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St Charles Borromeo Church

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Saint Lucy by Domenico di Pace Beccafumi.jpg

Saint Lucy of Syracuse, also known as Saint Lucia, Santa Lucia, or Saint Lukia, (traditional dates 283-304) was a rich young Christian martyr who is venerated as a Saint by Catholic and Orthodox Christians. Her feast day in the West is December 13, by the unreformed Julian calendar the longest night of the year; she is the patron saint of blindness. Lucy is one of the very few saints celebrated by the Lutheran Swedes, Finland-Swedes, Danes, and Norwegians, in celebrations that retain many indigenous Germanic pagan pre-Christian midwinter light festivals. She is one of seven women, excluding the Blessed Virgin Mary, commemorated by name in the Canon of the Mass.

Her actae tell that Lucy (whose name means "light") was a Christian while Diocletian was persecuting and martyring Christians. She consecrated her virginity to God, refused to marry a pagan, and had her dowry distributed to the poor. Her would-be husband denounced her as a Christian to the governor of Syracuse. Miraculously unable to move her or burn her, the guards stabbed her and killed her.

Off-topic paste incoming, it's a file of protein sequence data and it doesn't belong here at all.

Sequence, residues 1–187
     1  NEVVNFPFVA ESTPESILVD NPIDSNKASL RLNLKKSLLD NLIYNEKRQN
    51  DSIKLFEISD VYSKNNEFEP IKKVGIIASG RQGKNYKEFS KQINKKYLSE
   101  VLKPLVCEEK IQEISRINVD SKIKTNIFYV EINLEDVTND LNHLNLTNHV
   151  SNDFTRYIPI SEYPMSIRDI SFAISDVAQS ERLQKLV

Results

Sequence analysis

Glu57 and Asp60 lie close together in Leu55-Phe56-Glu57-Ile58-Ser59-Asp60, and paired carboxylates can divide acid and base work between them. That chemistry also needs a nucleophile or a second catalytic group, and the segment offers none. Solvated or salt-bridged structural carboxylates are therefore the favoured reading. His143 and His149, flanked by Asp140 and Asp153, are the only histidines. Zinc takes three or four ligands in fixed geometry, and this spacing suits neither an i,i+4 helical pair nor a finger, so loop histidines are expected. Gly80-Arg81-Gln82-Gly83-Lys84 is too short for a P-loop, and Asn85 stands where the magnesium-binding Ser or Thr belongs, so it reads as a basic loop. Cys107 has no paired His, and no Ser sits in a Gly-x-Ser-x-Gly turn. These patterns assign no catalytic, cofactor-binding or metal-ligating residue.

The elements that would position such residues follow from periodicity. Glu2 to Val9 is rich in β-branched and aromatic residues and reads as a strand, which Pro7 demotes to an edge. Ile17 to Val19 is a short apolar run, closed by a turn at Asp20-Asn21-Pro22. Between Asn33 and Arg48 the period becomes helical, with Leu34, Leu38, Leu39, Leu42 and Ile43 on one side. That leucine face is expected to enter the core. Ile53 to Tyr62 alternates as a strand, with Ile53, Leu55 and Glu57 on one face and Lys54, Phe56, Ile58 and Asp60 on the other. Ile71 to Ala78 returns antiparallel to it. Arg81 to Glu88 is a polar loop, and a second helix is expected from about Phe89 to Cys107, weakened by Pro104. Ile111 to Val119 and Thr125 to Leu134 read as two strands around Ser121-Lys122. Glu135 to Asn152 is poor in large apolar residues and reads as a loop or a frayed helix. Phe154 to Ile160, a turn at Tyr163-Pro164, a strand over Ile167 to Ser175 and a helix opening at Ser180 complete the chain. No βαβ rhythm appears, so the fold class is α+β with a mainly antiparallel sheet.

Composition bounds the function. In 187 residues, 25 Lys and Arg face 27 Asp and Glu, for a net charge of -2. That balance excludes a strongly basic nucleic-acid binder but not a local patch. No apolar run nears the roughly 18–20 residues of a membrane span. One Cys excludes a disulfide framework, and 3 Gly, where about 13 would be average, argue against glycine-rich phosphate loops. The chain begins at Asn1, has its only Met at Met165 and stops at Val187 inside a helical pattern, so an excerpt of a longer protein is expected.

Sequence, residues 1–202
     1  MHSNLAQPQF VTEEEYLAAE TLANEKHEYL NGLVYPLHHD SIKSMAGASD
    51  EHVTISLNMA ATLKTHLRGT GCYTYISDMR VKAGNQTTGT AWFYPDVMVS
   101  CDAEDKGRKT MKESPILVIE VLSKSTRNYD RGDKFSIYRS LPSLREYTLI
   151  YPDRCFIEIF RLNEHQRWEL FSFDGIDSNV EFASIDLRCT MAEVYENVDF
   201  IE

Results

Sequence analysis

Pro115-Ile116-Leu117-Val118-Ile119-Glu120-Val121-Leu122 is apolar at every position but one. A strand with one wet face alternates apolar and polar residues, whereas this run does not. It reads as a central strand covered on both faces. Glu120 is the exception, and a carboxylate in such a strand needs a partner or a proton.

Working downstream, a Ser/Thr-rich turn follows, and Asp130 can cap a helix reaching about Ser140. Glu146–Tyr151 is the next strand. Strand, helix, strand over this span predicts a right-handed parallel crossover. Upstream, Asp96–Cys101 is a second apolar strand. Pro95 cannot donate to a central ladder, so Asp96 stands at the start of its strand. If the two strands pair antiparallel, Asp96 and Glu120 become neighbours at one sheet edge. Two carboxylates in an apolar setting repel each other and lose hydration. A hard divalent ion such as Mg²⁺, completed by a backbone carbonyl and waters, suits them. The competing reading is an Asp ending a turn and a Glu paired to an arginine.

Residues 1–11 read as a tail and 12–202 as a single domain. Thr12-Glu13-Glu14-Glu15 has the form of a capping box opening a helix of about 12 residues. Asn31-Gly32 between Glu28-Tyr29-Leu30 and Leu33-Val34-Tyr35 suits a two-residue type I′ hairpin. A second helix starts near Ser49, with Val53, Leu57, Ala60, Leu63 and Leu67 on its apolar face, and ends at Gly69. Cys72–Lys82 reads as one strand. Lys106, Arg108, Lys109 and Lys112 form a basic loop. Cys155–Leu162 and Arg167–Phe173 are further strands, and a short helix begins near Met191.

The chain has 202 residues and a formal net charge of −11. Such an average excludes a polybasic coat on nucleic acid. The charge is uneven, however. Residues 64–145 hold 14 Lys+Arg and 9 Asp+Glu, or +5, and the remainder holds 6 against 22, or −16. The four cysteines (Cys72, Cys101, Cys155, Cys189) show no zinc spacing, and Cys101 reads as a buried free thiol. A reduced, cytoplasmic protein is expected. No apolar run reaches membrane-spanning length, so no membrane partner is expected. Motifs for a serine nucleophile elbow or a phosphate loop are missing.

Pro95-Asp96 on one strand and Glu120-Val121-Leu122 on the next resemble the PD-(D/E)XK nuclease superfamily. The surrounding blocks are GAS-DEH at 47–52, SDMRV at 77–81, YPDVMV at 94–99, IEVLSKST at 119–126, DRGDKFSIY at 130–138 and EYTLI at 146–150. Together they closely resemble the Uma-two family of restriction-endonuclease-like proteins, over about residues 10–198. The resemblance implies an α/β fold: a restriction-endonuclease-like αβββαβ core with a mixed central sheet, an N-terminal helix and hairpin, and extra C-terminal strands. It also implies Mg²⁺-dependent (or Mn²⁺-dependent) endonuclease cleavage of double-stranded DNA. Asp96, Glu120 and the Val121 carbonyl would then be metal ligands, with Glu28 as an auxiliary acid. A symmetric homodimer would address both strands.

Lucy means "light", with the same Latin root, lux, as "lucid," which means "clear, radiant, understandable." Ironically, St Lucy's history is shrouded in darkness: all that is really known for certain is that she was a martyr in Syracuse in Diocletian's persecutions of A.D. 304. Her veneration spread to Rome, so that by the 6th century the whole Church recognized her courage in defense of the faith.

Because people wanted to shed light on Lucy's bravery, legends grew up, reported in the acta that are associated with her name. All the details are conventional ones also associated with other female martyrs of the early 4th century. Her Roman father died when she was young, leaving her and her mother without a protecting guardian. Her mother, Eutychia, had suffered four years with a "bloody flux" but Lucy having heard the renown of Saint Agatha the patroness of Catania, "and when they were at a Mass, one read a gospel which made mention of a woman which was healed of the bloody flux by touching of the hem of the coat of Jesus Christ," which, according to Legenda Aurea, convinced her mother to pray together at Saint Agatha's tomb. They stayed up all night praying, until they fell asleep, exhausted. Saint Agatha appeared in a vision to Lucy and said, "Soon you shall be the glory of Syracuse, as I am of Catania." At that instant Eutychia was cured.